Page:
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Understanding technology needs is a critical step in a new technology implementation and can be defined in many ways: needs of the users, needs of the customers, needs from the technology solution. To achieve these understandings quickly and effectively, CFOs know to approach the automation not as a technology project but as a business process optimization.
In today’s rapidly evolving business climate, CFOs and CIOs clearly must collaborate to ensure the success of technology automation projects. However, prior to turning to the CIO’s team to partner on solution sourcing, a strategic CFO will make it her priority to identify the value to be created—or the potential added value to be unlocked—from the technology automation.
“The tools of a lean kaizen process improvement event offer a formula for process optimization that is quick and results-oriented”
This does not have to take a long time, be administratively onerous or require significant additional investment. The tools of a lean kaizen process improvement event offer a formula for process optimization that is quick and results-oriented. These tools can be used by any size of business. In as little as twelve hours, I have seen radical and implementable redesigns of processes that result in more value creation than previously imagined and suggest technology products not previously in the automation solution set.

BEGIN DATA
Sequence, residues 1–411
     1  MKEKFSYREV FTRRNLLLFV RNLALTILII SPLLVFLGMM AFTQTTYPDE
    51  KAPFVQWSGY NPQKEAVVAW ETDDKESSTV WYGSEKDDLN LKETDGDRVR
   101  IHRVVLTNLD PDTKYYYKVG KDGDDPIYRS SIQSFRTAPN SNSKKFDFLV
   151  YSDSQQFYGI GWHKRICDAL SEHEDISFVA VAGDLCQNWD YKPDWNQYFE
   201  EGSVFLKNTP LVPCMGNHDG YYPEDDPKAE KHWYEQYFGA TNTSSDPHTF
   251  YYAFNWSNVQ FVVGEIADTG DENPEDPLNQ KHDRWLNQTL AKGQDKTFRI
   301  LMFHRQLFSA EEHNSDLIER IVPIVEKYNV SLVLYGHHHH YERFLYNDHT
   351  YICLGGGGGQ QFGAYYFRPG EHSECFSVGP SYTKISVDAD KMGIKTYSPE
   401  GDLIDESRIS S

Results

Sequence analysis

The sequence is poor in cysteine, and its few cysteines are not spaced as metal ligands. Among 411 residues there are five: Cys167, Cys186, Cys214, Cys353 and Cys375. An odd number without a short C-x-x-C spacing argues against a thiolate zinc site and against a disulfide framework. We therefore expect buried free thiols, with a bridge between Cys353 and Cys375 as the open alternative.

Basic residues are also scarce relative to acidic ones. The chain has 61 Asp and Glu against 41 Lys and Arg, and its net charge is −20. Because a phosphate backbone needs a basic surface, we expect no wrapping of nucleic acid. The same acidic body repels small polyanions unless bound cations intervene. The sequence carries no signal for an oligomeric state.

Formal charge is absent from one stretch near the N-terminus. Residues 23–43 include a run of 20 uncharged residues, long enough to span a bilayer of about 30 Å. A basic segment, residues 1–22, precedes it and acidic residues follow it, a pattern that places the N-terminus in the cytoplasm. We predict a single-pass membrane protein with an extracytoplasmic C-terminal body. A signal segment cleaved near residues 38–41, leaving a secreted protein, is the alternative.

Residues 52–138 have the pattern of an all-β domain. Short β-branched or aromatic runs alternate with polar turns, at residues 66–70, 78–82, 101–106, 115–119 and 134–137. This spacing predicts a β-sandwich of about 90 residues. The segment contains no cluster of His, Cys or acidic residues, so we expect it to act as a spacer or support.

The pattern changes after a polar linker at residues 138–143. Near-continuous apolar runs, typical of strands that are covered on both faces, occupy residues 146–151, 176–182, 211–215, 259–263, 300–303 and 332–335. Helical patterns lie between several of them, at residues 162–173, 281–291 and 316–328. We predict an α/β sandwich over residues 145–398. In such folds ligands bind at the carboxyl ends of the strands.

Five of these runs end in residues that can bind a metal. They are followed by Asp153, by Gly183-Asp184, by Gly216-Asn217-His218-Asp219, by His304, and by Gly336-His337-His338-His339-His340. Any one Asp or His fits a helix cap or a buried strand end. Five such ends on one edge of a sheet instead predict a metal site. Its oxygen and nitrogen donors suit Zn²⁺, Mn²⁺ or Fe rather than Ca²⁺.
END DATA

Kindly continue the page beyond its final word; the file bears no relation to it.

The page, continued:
Don’t worry if you are not a lean expert; the steps outlined here are easy to follow. What have I found to be the key role for a CFO in a lean process improvement event? Define the desired outcomes of the optimized process and then get out of the conversation. And take your executive colleagues with you. Employees are often reluctant to be honest about problems in a process when their boss (or their boss’s boss) is in the room.
Ask Those Who Do